TUNIS (Reuters) - Tunisia gave birth to the “Arab Spring” and now it is again showing the way in the Middle East by demonstrating that moderate Islamists can win an election without causing a crisis.
But Arab countries who are wondering, along with the outside world, how Tunisia’s Islamists will exercise that power will probably have to wait at least a year for a definitive answer.
Early indications from Sunday’s historic election are that Ennahda, an Islamist movement which models itself on the moderate party of Turkish Prime Tayyip Erdogan, will have the biggest share of the vote, but no outright majority.
Contrary to some predictions, the vote passed off smoothly and peacefully, with no repeat of the violent clashes between police and hardline Islamists which broke out in the capital in the week before the election.
“This victory shows that it is possible for an non-radical, Islamist party to win an election,” said Sofiane Ben Salah, an independent Tunisian political analyst. “This is the first time this has happened in the Arab world.”
The wave of unrest shaking the Arab world began in Tunisia back in December, when Mohamed Bouazizi, a vegetable seller in the city of Sidi Bouzid, set fire to himself in an act of protest that swelled into a nationwide uprising.
Weeks later, then-President Zine al-Abidine Ben Ali was forced to flee to Saudi Arabia, ending his 23 years in power.
Tunisia’s revolution touched a nerve in other Arab countries with similar problems: poverty, youth unemployment and repressive governments. Revolts broke out in Egypt, Libya, Yemen, Bahrain and Syria. Milder protests rippled over Morocco, Algeria, Jordan, Kuwait and Oman.
For those countries where entrenched leaders fell, a new question arose: what if new democratic freedoms allow Islamists, sidelined for decades by secularist elites, to take power?
Sunday’s vote, for an assembly which will have one year to write a new constitution, provided some of the answers.
“I think the smooth outcome and lack of unrest is encouraging, but marks a first step rather than an end to Tunisia’s democratic journey,” said Liz Martins, senior Middle East and North Africa economist with HSBC bank in Dubai.
The most immediate lessons will be drawn in Egypt, which staged its own revolt soon after Tunisia’s and will start voting in a multi-stage parliamentary election in November.
A party affiliated to the Muslim Brotherhood, an Islamist group which shares much of the same ideology as Tunisia’s Ennahda, is expected to be the front-runner.
Some argue that Ennahda’s victory will strengthen the hand of Egypt’s moderate Islamists in their contest with hardliners for influence in the Arab street.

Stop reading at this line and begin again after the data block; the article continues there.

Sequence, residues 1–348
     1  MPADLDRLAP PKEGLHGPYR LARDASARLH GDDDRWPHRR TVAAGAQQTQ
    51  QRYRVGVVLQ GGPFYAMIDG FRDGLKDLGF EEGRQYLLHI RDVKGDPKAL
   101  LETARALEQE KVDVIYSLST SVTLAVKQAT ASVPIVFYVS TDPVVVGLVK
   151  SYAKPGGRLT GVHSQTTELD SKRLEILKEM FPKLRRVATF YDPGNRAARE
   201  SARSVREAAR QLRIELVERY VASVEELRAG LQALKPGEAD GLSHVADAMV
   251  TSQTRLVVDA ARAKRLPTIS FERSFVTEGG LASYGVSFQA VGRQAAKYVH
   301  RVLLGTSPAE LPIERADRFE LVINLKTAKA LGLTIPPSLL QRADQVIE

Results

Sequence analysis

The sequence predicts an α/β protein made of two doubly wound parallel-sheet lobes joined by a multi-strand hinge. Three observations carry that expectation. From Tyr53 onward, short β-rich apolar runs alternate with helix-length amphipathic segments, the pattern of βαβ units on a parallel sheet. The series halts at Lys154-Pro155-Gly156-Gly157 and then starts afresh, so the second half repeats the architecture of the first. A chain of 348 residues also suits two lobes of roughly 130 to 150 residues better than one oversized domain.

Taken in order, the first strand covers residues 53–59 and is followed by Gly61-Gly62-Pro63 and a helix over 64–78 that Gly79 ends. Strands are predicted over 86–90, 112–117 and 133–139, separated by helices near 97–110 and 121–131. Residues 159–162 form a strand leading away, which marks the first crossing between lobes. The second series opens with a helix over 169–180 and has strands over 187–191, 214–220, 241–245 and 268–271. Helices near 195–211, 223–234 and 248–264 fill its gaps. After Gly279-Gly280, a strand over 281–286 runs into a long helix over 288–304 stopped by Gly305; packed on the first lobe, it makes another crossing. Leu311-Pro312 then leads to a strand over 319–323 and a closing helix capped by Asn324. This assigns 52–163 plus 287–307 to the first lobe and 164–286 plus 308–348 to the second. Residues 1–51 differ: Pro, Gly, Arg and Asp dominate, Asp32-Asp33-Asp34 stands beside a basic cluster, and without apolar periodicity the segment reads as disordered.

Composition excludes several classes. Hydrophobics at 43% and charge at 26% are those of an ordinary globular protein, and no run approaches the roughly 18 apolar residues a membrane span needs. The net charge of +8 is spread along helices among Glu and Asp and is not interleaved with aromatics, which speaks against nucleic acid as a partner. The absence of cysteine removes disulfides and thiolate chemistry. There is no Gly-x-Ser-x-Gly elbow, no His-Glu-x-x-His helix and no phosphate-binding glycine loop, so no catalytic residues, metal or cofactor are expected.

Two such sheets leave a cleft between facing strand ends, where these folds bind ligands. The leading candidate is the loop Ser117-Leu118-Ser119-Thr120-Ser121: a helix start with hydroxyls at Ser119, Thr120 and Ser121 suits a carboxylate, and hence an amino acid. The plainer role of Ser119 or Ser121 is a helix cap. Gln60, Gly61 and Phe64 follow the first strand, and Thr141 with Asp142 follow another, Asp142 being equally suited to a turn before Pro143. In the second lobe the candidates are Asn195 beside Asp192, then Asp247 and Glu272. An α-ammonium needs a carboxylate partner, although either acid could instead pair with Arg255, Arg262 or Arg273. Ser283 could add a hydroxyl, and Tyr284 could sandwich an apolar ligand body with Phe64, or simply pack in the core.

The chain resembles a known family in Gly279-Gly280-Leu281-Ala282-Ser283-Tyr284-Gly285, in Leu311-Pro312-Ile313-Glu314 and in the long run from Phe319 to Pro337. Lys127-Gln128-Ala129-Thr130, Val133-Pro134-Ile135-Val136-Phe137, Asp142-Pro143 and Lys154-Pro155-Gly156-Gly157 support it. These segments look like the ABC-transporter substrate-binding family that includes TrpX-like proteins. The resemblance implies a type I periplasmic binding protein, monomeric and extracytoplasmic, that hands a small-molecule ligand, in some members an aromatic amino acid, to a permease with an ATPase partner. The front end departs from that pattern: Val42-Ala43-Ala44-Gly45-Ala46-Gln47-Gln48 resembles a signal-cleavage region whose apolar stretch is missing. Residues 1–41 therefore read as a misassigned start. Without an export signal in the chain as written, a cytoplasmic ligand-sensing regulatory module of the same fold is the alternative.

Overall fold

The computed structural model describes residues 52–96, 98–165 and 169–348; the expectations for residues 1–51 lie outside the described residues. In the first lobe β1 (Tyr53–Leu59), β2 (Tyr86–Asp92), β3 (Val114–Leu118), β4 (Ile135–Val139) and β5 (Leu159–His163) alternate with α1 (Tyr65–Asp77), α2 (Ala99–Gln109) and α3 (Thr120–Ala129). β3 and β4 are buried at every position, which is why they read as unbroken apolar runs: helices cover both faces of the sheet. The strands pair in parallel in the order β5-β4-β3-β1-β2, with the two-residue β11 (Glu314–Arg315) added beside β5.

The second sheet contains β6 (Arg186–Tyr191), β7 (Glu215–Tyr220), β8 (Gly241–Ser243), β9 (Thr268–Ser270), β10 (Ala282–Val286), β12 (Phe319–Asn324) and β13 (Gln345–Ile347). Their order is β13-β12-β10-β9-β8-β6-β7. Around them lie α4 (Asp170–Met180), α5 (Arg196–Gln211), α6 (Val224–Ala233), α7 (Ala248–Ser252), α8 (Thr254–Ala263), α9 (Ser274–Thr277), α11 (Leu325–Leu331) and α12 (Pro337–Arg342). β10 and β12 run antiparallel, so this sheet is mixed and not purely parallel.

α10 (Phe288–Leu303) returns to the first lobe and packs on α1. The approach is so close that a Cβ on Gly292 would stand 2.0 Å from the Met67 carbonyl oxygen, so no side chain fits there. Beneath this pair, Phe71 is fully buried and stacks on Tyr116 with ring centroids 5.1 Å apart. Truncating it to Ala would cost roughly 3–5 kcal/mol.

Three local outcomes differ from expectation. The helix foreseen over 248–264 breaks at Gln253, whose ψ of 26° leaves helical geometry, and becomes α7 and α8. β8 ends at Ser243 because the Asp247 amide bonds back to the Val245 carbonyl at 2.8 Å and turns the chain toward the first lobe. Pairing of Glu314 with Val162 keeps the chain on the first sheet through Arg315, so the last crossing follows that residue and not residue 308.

“Any victory of ... (Ennahda) would help the Brotherhood as the voice of liberal and moderate Islamists in Egypt,” said Khalil al-Anani, an Egyptian political analyst at Britain’s Durham University.
”I think if the Islamists won in Tunisia, this will push Islamists in Egypt to calm down fears and seek to build alliances and coalitions with secular and liberal forces.
“It will give the Brotherhood a kind of emotional power to go forward,” he said.
More concrete lessons will have to wait.
Tunisia’s phased transition to democracy, and its complex election system, mean that Ennahda will not actually wield power in its own right for now.
As well as drafting a constitution, the assembly will choose a new interim president and government.
But it is just a way-station toward creating permanent institutions. The real political battle will shift to presidential and parliamentary elections likely to take place early in 2013.
Most predictions are that Ennahda will be the biggest party in the assembly, but will not have a clear majority, probably forcing it into an alliance with secular rivals.
Unofficial vote returns from some regions show that the party of Moncef Marzouki, a left-wing dissident who spent years in exile in France, was in second place.
The secularist Marzouki has said he is ready to work with Ennahda, so they could end up as coalition partners.
Ennahda itself favors a coalition, perhaps fearing that it if goes it alone, it will take the blame if anything goes wrong.
“Ennahda, although it is by far the most popular party, did not seem during the campaign to be in a rush to govern,” said Jean-Baptiste Gallopin, analyst at London-based global risk consultancy Control Risks.
“I think the political scene is going to remain pretty fluid over the coming year and we are unlikely to see a clear divide emerge among the various parties.”
If the fight for power is being postponed until later, the stuttering economy cannot wait.
At the root of the revolution was anger at the lack of jobs in towns like Sidi Bouzid, in the interior. Yet since then, the caretaker authorities have done little to address the problem.
Government finances are precarious because the disruption caused by the uprising scared off tourists, a revenue mainstay. The finance ministry says there could be zero growth this year.
“Far from creating the jobs protesters were demanding in January, the revolution is likely to have led to a rise in unemployment,” said HSBC’s Martins.
“There will be pressure on the assembly to be seen to be doing something.”
Additional reporting by Tarek Amara in Tunis and Patrick Werr in Cairo; Editing by Alistair Lyon